A ROAD safety review is going to be carried out in a residential community on the outskirts of Durham after more than 300 people signed a petition calling for the speed to be reduced on a major commuter route.

The petition, which was calling to reduce the speed limit on the A167 and A690 in Neville’s Cross, had initially been rejected by Durham County Council.

But following an appeal by resident Peter Broughton, who started the petition, there will now be a review of the situation.

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The petition said: “The A167 and A690 run through residential areas and pass next to, or near three schools. A 40mph limit is therefore totally unsuitable and a real danger to road users and pedestrians alike.

“This request is in keeping with the introduction of reduced speed limits around other schools in County Durham (20mph in some cases) and supports other incentives to encourage school children to walk to school to help reduce obesity.

“There have been many accidents along these roads (and fatalities) and a reduction in speed can only lead to a reduction in accidents along with the potential to save.”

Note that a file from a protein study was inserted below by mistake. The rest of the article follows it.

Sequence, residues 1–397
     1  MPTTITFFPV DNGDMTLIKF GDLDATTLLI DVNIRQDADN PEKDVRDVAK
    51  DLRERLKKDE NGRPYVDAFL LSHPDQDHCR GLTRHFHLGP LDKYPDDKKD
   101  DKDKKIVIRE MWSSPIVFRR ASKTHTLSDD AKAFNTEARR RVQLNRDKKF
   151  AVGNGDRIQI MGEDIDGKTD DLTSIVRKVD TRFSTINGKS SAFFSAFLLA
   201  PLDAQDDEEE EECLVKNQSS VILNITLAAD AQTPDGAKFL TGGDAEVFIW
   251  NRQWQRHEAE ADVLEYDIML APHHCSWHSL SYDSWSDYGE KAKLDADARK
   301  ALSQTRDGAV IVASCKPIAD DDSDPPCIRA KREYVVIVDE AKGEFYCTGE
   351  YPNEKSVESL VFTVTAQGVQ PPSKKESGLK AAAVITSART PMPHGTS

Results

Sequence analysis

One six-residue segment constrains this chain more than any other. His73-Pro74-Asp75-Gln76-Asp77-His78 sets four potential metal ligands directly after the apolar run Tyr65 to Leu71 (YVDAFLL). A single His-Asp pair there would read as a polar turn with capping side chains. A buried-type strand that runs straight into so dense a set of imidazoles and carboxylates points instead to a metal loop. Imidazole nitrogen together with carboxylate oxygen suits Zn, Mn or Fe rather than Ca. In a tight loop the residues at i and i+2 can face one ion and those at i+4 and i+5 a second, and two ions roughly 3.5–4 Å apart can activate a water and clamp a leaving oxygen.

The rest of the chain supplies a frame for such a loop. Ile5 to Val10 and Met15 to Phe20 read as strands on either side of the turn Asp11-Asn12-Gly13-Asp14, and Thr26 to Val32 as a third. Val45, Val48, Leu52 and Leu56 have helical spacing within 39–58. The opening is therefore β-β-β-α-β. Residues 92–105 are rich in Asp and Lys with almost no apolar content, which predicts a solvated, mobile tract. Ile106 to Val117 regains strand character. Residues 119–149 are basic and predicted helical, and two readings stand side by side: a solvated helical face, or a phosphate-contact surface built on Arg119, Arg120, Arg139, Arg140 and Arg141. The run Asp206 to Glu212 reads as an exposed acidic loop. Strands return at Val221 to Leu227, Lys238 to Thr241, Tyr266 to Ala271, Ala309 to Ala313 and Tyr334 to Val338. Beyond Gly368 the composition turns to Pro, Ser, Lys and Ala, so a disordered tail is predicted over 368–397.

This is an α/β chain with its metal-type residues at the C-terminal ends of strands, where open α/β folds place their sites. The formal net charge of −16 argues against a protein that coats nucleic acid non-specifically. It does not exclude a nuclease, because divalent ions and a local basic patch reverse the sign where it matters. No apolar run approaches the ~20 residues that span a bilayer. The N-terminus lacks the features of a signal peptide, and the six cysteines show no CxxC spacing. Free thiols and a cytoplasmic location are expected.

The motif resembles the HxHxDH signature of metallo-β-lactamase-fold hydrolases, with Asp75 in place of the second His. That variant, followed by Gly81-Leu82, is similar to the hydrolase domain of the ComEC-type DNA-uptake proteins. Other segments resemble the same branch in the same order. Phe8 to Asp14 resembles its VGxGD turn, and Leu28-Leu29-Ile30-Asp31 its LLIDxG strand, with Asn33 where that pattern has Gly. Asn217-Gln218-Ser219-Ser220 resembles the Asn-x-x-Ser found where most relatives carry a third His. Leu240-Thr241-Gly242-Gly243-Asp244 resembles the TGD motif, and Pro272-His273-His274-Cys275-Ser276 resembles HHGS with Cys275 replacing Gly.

The initial response from the council said there was provision to cross the A167 between Sniperley and Merryoaks, including pedestrian islands, traffic lights, a toucan crossing and two footbridges.

The response adds that none of the accidents recorded on the section of road, mostly rear end shunts and junction related crashes around traffic lights at the Duke of Wellington, Neville’s Cross and Crossgate Moor, had involved excess speed.

However, following an appeal to the council’s corporate overview and scrutiny management board earlier this month, the council has agreed to look at the issue.

Mr Broughton, a father-of-two, whose 13-year-old daughter attends Durham Johnston School, said: “As a parent I worry every day about her safety. Not only during school days but during the holidays and at weekends, when I’ve witnessed many a near-miss on the local roads and seen many cars travelling at excessive speed.

“My daughter regularly walks home from school and I would really appreciate the peace of mind of a 30mph limit.”

Jenny Haworth, Durham County Council’s head of strategy, said: “Members of our corporate overview and scrutiny management board have asked officers in our highways department to review road safety on the A167 and A690 through Durham and provide further information to the person presenting the petition.”